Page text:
Moments in Time: An Interview with Lance Olsen by Curtis Smith

Lance Olsen is author of more than 25 books of and about innovative writing, including, most recently, the novels Dreamlives of Debris (Dzanc, 2017) and My Red Heaven (Dzanc, 2020). His short stories, essays, and reviews have appeared in hundreds of journals and anthologies, such as Conjunctions, Black Warrior Review, Fiction International, Village Voice, BOMB, McSweeney’s, and Best American Non-Required Reading. A Guggenheim, Berlin Prize, D.A.A.D. Artist-in-Berlin Residency, N.E.A. Fellowship, and Pushcart Prize recipient, as well as a Fulbright Scholar, he teaches experimental narrative theory and practice at the University of Utah. More at: http://www.lanceolsen.com.

 Curtis Smith: Congratulations on My Red Heaven. I thought it was amazing. The book takes place in Berlin on a single day in 1927. I’ve long been captivated by this time and place in history—its promise, its looming menace, its art and writing. I’m guessing you share this fascination. Can you address what about this era made you want to dive in so deep?

Lance Olsen: Thanks so much, Curtis. I’m tremendously glad My Red Heaven worked for you. I’ve always been interested in those interwar years for two reasons. First, because they represent an extraordinary explosion of aesthetic and existential possibility in Germany. All the fences were seriously down. So many astonishing artists and thinkers, from Nabokov to Einstein, knew it and were thriving there. Yet at the same time, as you suggest, from our vantage point there’s this terrible irony in their obliviousness. Second, our own political situation became increasingly grim as I was writing My Red Heaven. I found myself wanting to bring into conversation parallels between those interwar years and our current calamities with respect to attacks on the media, growing racism, the need for forty-two percent of the country to embrace a lying bully as their leader. I wanted to invite us to think about how wrong things can go at such a subtle, methodical, relentless pace that one barely notices the dissipation of a robust democracy until it is already past midnight.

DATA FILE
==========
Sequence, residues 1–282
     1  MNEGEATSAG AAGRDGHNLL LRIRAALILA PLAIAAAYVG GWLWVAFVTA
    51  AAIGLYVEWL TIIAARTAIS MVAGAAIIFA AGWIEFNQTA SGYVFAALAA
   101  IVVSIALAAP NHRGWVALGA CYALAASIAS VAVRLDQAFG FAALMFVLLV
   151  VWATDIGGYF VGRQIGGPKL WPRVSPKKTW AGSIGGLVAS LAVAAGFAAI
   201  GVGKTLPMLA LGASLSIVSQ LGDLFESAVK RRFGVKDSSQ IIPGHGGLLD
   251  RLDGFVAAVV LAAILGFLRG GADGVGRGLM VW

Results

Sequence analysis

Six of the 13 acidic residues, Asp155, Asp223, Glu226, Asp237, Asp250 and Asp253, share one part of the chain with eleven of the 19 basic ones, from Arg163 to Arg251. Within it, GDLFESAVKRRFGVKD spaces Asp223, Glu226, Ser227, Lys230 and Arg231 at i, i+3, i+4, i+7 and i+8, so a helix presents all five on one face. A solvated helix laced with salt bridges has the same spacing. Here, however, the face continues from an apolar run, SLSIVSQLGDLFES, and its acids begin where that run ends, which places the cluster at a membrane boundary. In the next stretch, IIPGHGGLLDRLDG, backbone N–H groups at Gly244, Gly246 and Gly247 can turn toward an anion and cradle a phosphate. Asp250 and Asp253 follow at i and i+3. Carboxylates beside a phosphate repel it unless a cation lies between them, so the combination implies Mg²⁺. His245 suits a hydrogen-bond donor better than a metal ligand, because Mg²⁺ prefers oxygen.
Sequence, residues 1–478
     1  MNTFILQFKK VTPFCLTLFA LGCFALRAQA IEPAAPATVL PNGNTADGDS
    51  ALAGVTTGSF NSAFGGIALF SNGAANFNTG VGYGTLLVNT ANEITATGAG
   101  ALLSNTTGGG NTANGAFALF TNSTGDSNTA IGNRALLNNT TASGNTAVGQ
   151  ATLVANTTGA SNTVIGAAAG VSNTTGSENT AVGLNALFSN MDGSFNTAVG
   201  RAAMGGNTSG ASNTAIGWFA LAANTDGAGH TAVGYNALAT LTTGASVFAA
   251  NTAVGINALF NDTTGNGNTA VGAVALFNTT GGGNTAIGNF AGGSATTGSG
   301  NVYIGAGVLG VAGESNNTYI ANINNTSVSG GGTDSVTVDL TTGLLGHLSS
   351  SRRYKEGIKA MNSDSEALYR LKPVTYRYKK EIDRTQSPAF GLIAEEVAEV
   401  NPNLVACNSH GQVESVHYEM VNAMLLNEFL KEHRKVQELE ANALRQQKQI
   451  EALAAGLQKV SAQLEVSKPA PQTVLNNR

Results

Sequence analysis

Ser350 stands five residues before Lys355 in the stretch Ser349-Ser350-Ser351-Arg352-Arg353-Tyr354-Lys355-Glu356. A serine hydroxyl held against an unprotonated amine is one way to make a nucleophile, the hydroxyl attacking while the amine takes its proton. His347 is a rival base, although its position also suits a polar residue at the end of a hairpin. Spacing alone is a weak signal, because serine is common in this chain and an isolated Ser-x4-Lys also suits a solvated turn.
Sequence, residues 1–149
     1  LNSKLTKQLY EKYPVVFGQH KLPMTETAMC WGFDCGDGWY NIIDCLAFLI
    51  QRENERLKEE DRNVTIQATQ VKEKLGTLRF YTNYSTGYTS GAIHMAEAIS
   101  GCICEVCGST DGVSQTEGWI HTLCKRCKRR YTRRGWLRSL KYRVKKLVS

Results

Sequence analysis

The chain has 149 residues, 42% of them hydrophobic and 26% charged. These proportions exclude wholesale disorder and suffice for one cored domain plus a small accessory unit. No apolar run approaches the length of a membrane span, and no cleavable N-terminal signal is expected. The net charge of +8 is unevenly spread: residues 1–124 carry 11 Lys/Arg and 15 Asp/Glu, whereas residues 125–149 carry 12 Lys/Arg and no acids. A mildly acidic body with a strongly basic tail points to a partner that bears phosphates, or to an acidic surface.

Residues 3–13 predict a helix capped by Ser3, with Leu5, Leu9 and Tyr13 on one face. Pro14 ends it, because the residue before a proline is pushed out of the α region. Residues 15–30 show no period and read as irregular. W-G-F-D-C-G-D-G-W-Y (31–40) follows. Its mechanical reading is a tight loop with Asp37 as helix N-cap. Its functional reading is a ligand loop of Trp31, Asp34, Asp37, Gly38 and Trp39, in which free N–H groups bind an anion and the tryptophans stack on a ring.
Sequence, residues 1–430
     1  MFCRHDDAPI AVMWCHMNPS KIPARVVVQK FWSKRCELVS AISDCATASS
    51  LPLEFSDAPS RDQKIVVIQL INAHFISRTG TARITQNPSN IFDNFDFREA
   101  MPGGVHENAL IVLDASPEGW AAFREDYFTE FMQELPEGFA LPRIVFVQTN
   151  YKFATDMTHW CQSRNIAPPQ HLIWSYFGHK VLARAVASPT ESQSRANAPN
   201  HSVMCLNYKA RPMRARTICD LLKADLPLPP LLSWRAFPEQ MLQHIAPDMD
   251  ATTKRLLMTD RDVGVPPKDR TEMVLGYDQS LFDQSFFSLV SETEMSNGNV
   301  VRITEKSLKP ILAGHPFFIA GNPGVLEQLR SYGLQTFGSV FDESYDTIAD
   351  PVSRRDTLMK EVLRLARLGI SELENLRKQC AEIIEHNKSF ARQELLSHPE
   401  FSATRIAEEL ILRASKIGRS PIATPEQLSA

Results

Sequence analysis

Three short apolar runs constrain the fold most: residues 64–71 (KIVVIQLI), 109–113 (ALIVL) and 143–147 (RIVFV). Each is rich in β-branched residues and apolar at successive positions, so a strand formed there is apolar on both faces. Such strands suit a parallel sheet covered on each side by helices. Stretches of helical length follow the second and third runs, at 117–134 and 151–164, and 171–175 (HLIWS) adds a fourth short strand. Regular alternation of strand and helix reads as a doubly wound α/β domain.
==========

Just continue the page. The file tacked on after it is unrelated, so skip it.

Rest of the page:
CS: Then there’s the allure of Berlin itself, no matter the time period. I think of Lou Reed and David Bowie and Wim Wenders. I’ve never been there, but part of me feels as if I understand a bit of it—for better or worse—through its artists. Have you been there? If so, did you feel a specific vibe that made its way into this book?

LO: Thanks to two fellowships, I had the opportunity to live in Berlin for six months in the spring 2013 and again for a year during 2015 and 2016. I still return every spring for a month or six weeks. While everyone complains about the gentrification going on there—which is absolutely the case—the truth still remains that Berlin is an infinitely cheaper cosmopolis than, say, London, Paris, or New York. The result is it still nourishes a vibrant, iconoclastic arts scene. Just yesterday, in fact, I was talking to a former student who recently moved to Germany to start a punk cover band called Kate’s Bush. I asked him what songs he did. “Oh,” he said, “we don’t sing or anything. We dress up like Kate Bush at various stages of her career and shout insults at the audience.” That’s the DNA of Berlin in one wonderful image. I hope some of that energy, that fruitful, ardent disorder made it into My Red Heaven, both in terms of the novel’s heterogeneous structures, and of incommensurate visions of the characters who walk the novel’s streets

CS: A passage from the back cover states that you drew inspiration from Otto Freundlich’s painting of the same name. Can you take us back to your first encounters with this painting? What drew you in? Did you know immediately that you wanted to write something in response or did that notion take some time? Can you take us into your thoughts when that light went on?

LO: I stumbled on Freundlich’s abstract Cubist painting at the Pompidou in 2015. It was completed in 1933, the year Hitler became chancellor. For some reason, that painting all at once became emblematic to me of the cultural boil of the Weimar Republic. It also gestures toward a collage aesthetic in its collection of apparently disparate forms on a surface that simultaneously unifies them and underscores their multiplicity. I found myself asking myself what it might look like if such an aesthetic were translated from painterly into a narrative architectonics. Each chapter of My Red Heaven takes the shape of a narraticule set in the consciousness of an historical or imagined figure—among them Robert Musil, Käthe Kollwitz, Ludwig Mies van der Rohe, and Rosa Luxemburg—living, working, and/or simply passing through Berlin’s remarkable intellectual and creative opportunity zone during, as you say, a single day in 1927: June 10th. The idea became to create a broad canvas—in many ways Berlin is the novel’s disorienting and disoriented protagonist—that explores the resonant complexity of a specific moment in time and place.